One person to escape the fighting was an Aden resident, Bilal Hussein, who fled with only two pairs of trousers and a T-shirt. There was little time for indecision when Aden appeared certain to fall to the Houthis in April. “All of a sudden you wake up and there’s a war in your street,” Mr Hussein said. “It turns your life upside down.”
Mr Hussein jumped into a friend’s car and drove to a “steamer point” on the coast in Tawahi, also in Aden province. There, an Indian navy ship was due to depart for Djibouti.
While driving to Tawahi, large swathes of streets were filled with uncollected piles of waste. Stray cats and dogs ate dead bodies, Mr Hussein claimed. The buildings were reduced to debris by the shelling and gunfire. “We were surrounded by snipers in the mountains and city. They shot at anything that moved, including the elderly, women and children,” he said.
The Houthis deny indiscriminately killing the vulnerable. They blame the Saudi-led coalition for the loss of civilian lives. “There were many times I thought we were not going to make it,” Mr Hussein said. Mohammed Mackawi, an activist who recently escaped Aden said the city was “uninhabitable”.
“They [the Houthis] besieged the city and destroyed houses and cut off everything that gave us life and then started killing people,” said Mr Mackawi.
According to a Human Rights Watch report, forces from both sides of the conflict have committed “serious abuses” at the al-Jumhouri hospital in Aden. Staff at the hospital said that in late March fighters executed two Houthi rebels who were patients and used the hospital as a defensive position until driven from the area.
“There is nothing hindering a political solution; the solution is available, but they [Saudis] are the ones who ruin it with their aggression,” said the Houthi leader Abdel-Malek al-Houthi, on Tuesday. And after another day of “aggression” from both sides, the chances of peace appear more remote than ever.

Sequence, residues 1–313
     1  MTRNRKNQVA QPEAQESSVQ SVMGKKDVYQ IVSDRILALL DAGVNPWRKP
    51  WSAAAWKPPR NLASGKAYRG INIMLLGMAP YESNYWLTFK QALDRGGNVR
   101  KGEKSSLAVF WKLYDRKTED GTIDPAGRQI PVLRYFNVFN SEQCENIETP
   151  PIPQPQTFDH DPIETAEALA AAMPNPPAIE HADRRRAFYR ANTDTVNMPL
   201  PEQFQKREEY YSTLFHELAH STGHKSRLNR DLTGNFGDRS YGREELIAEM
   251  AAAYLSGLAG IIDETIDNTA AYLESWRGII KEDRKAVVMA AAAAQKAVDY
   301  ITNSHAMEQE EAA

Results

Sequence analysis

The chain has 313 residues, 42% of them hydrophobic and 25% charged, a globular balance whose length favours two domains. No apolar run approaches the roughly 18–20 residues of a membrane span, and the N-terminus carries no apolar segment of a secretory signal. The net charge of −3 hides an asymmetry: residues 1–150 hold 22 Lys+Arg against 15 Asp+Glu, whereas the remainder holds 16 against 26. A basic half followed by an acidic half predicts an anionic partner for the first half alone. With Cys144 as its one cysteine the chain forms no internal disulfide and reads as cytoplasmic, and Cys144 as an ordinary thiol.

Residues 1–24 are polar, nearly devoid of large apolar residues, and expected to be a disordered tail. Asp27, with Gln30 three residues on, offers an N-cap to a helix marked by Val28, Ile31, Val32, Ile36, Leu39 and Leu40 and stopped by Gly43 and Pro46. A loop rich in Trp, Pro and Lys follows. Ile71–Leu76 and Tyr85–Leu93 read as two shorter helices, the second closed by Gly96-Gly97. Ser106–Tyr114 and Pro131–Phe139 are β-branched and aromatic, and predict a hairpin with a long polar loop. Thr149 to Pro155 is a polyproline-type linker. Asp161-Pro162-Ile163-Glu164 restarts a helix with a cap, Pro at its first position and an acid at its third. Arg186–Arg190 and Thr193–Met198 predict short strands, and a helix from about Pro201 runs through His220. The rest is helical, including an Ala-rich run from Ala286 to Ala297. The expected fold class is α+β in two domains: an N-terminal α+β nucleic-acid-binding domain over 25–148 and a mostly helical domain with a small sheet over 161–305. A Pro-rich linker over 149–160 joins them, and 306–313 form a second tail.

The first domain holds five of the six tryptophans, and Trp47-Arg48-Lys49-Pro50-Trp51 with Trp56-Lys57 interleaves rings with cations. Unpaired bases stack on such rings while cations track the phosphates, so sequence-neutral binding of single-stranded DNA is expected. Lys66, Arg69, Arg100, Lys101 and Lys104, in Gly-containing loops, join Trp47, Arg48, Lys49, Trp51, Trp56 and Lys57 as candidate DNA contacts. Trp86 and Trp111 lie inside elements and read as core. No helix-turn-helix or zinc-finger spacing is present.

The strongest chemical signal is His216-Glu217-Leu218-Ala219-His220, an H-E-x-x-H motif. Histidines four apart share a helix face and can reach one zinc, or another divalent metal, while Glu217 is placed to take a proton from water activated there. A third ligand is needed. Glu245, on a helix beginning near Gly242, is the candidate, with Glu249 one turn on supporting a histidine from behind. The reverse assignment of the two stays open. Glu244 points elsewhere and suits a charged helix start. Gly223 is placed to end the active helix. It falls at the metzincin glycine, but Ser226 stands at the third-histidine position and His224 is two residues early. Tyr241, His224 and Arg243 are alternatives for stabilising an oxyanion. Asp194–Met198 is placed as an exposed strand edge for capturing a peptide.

Al-Qaeda executions: 'Spies' hung from bridge
Al-Qaeda in the Arabian Peninsular (Aqap) militants in Yemen killed two men accused of spying for the US and hung their bodies off a bridge.
Witnesses said al-Qaeda gunmen in the southern city of Mukalla read out charges before shooting the two men, one of whom was accused of guiding the US drone that killed an al-Qaeda commander in April.
Supporters posted pictures online that showed the two men blindfolded on a sandy beach, said to be the site of a previous drone strike. Another picture showed a body in bloody clothes with its arms spread apart and lashed to a pole, dangling off the side of a bridge.
The killings came a day after Aqap said its leader, Nasir al-Wahishi, was killed in a US drone strike last week.
The militants captured Mukalla in April after Yemen’s army splintered between allies and opponents of Shia Houthi rebels. But the city has proven to be something of a death trap, with several US drone strikes in and around Mukalla killing senior Aqap figures. In a series of online postings, al-Qaeda members said one of the men killed was a Saudi national loyal to Isis.